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World War I: 52 months of hell

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World War I’s deadliest and most decisive battles were fought in Europe, on the Western Front slashing through the muddy fields of northern France and Belgium.

The front line stretched more than 700 kilometres, from the North Sea to the Vosges mountains near Switzerland.

But the Great War also raged on Russian, Balkan and Italian fronts, and spread rapidly to the Middle East, colonial Africa and Asia, where Japan sided with the Allies in seizing German islands in 1914.

The United States intervened late, but decisively, in 1917, drawing in several Latin American nations. Afterwards the Middle East was entirely redrawn as the Ottoman empire collapsed.

Just weeks after war was declared, German troops marched into Belgium on August 17, 1914, crushing Belgian defences and driving a flood of refugees before them as they advanced on Paris.

As France’s government fled southwest to Bordeaux, the French were driven back and suffered heavy losses, with 27,000 soldiers killed on the single day of August 22, the deadliest in the history of the French army.

General Joseph Joffre regrouped his retreating armies to fight the First Battle of the Marne on September 5-12, which succeeded in halting the German advance.

But the extent of losses this early in the conflict, more than half a million already, ruled out any chance of compromise.

Troops burrowed down into their trenches to shield themselves from a hail of artillery fire.

From that point, the conflict became a three-year war of attrition that produced little tangible result despite repeated, bloody attempts by both sides to break the stalemate.

Fighting played out quite differently on the less populated Eastern Front where sprawling expanses made trench warfare impossible.

Immediately at the outbreak of war, the Ottoman empire, allied with Germany and Austria-Hungary, closed the Bosphorus Strait to isolate Russia, which was fighting alongside Britain and France.

Russia launched a major offensive into East Prussia on August 15 but its campaign ended the following month with two heavy defeats at Tannenberg and the Mazurian Lakes.

Russia, where the state was on the verge of collapse, began a shambolic eastward retreat which continued until the Bolshevik Revolution of 1917 and the humiliating treaty of Brest-Litovsk in March 1918, which stripped Russia of its western territories and a third of its population.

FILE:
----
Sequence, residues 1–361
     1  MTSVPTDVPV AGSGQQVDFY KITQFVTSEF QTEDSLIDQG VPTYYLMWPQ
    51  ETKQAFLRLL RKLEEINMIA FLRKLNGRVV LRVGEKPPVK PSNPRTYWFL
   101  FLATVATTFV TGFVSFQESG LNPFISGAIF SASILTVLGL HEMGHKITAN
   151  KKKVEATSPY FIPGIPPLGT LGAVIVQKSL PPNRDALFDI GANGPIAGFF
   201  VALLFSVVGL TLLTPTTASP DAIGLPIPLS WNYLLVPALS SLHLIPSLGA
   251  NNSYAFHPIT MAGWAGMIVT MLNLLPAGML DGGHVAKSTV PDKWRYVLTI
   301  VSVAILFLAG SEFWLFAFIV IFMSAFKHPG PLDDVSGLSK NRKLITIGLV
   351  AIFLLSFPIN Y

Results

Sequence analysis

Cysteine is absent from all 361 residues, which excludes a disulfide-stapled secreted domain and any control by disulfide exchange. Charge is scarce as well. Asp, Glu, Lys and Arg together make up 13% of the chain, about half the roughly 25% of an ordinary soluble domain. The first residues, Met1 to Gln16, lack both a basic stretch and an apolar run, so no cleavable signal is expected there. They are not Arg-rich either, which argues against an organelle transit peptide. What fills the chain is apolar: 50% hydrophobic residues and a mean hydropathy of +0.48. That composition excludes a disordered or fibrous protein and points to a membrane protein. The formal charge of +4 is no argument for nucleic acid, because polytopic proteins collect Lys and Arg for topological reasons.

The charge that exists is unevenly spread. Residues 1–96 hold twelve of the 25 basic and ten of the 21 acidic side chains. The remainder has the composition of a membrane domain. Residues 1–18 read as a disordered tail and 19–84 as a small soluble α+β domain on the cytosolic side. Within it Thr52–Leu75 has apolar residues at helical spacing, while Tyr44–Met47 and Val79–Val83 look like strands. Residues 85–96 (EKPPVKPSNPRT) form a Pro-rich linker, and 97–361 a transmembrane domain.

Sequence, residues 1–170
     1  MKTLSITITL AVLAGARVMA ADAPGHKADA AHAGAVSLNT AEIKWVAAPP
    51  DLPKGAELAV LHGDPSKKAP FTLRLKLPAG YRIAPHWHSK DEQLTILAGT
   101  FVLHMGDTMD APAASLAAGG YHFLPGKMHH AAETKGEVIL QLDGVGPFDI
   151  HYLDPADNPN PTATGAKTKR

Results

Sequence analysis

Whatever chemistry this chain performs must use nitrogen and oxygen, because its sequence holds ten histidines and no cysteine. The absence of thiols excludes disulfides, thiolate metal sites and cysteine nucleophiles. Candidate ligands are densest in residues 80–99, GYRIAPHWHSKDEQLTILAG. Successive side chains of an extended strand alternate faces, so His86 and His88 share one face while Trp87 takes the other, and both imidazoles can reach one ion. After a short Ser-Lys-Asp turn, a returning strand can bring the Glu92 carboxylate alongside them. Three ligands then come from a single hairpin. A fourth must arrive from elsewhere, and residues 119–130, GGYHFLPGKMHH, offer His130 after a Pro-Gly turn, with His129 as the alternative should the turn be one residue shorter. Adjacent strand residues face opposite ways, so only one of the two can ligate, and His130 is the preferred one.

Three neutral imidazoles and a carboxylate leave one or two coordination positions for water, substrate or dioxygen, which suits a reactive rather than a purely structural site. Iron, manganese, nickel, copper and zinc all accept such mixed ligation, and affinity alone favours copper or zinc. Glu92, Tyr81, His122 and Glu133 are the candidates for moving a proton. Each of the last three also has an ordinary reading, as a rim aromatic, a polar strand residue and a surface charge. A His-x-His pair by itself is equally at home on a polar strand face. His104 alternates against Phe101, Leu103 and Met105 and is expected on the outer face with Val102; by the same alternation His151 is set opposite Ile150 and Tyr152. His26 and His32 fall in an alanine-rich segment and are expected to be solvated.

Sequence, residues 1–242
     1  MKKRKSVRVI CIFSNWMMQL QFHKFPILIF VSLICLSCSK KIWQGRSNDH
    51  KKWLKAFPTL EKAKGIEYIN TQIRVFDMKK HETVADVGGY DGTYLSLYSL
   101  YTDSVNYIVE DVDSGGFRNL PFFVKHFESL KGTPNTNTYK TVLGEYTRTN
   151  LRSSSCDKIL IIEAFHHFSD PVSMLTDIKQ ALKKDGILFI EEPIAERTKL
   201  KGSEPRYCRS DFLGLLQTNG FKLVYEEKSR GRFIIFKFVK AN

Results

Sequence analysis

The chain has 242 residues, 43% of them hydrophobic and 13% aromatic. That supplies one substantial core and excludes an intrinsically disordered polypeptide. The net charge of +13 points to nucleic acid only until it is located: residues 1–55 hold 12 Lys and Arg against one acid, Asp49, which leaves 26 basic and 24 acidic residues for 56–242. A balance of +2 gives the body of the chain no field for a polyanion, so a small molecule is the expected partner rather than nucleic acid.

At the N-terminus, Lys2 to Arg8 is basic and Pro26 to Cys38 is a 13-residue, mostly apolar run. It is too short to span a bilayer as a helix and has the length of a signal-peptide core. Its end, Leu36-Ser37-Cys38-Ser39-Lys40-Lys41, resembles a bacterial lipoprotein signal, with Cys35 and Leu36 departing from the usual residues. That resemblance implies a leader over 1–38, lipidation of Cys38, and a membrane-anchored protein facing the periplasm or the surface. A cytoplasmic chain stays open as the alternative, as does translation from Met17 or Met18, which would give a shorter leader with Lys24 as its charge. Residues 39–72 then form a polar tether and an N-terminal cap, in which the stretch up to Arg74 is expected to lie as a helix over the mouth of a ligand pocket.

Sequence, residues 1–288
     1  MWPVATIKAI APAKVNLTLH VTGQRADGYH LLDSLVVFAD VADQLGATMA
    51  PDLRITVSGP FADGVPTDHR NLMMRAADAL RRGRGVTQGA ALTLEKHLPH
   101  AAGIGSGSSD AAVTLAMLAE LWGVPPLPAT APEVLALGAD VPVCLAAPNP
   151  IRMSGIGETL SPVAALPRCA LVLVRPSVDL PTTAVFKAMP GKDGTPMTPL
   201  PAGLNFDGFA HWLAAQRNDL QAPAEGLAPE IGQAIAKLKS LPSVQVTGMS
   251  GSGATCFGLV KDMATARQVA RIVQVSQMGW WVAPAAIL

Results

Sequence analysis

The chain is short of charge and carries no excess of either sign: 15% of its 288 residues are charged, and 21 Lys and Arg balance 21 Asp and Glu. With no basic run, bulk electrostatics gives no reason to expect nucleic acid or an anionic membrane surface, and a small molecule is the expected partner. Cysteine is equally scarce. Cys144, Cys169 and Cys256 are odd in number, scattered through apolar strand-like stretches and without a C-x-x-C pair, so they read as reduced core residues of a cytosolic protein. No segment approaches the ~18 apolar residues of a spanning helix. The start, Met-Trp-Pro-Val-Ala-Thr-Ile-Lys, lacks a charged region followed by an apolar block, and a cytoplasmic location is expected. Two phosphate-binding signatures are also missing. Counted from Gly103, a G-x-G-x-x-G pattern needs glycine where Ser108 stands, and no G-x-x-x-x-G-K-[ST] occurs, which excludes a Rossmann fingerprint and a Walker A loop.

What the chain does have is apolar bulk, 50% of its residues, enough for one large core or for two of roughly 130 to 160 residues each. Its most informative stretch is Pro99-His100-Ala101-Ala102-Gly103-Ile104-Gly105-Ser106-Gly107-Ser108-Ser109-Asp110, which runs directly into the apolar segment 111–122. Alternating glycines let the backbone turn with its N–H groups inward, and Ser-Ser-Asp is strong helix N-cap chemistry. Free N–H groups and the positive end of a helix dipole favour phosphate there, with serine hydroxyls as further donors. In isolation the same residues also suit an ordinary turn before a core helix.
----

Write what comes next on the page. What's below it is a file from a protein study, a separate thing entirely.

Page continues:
On the Western Front, 1915 saw a string of bloody but indecisive offensives, marked by the large-scale use of modern weapons, including machine guns and heavy artillery. German forces made the first ever use of poison gas near Ypres, in Belgium.

In the spring, the Allies — led on the British side by a young Winston Churchill — launched a naval and ground campaign in the Dardanelles to prise open the Bosphorus Strait.

The battle, which ended in bitter defeat for the Allies, left an enduring mark in Australia and New Zealand whose young soldiers stood out for their courage.

Russia enjoyed more success against Ottoman forces, repelling them in the Caucasus and Armenia. But hundreds of thousands of Armenians were to die in mass killings between 1915 and 1917, accused of siding with the Russians in the fighting.

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British and German naval forces meanwhile faced off in the North Sea and Atlantic Ocean. To counter a maritime blockade, Germany in 1915 launched a ruthless campaign of submarine warfare which came to a head in 1917.

As a strategic move this proved decisive, but not in Germany’s favour: it would prompt the Americans, outraged by the torpedoing of neutral ships or ones carrying American citizens, to enter the war in 1917.

The year 1916 went down in history as that of Verdun, the defining battle of the war for the French, and the Somme, which holds the same place in British memory.

The Germans launched the initial offensive at Verdun in February but French forces managed to contain their advance, at a huge human cost with nearly 800,000 dead and wounded.

In July, to take the strain off Verdun, British forces launched the biggest battle of the war, near the Somme river, which left 1.2 million men dead, wounded or missing, for minimal territorial gains.

In the Middle East, British forces invaded Turkish territory from the south in 1914 and went on to encourage the Arab population to rise up against their Ottoman rulers.

In 1916, Britain and France struck the Sykes-Picot accord under which they began carving out the shape of the future Middle East.

In 1917, the British launched a huge offensive in Flanders in Belgium in July. The French did the same in April at the Chemin des Dames, a crushing failure that lead to mutinies in the French army.

In October, Italian forces suffered a disastrous defeat at Caporetto, leaving 300,000 prisoners in the hands of German and Austrian forces.

In December, meanwhile, British general Edmund Allenby entered Jerusalem, after the Balfour Declaration in which Britain backed a national homeland for the Jewish people despite promises of self-determination made to the Arab population.

Freed to focus on the Western Front following the Brest-Litovsk treaty that ended Russia’s involvement, German forces launched an all-out attempt to break through Allied lines before the arrival of American troops, succeeding in the spring of 1918.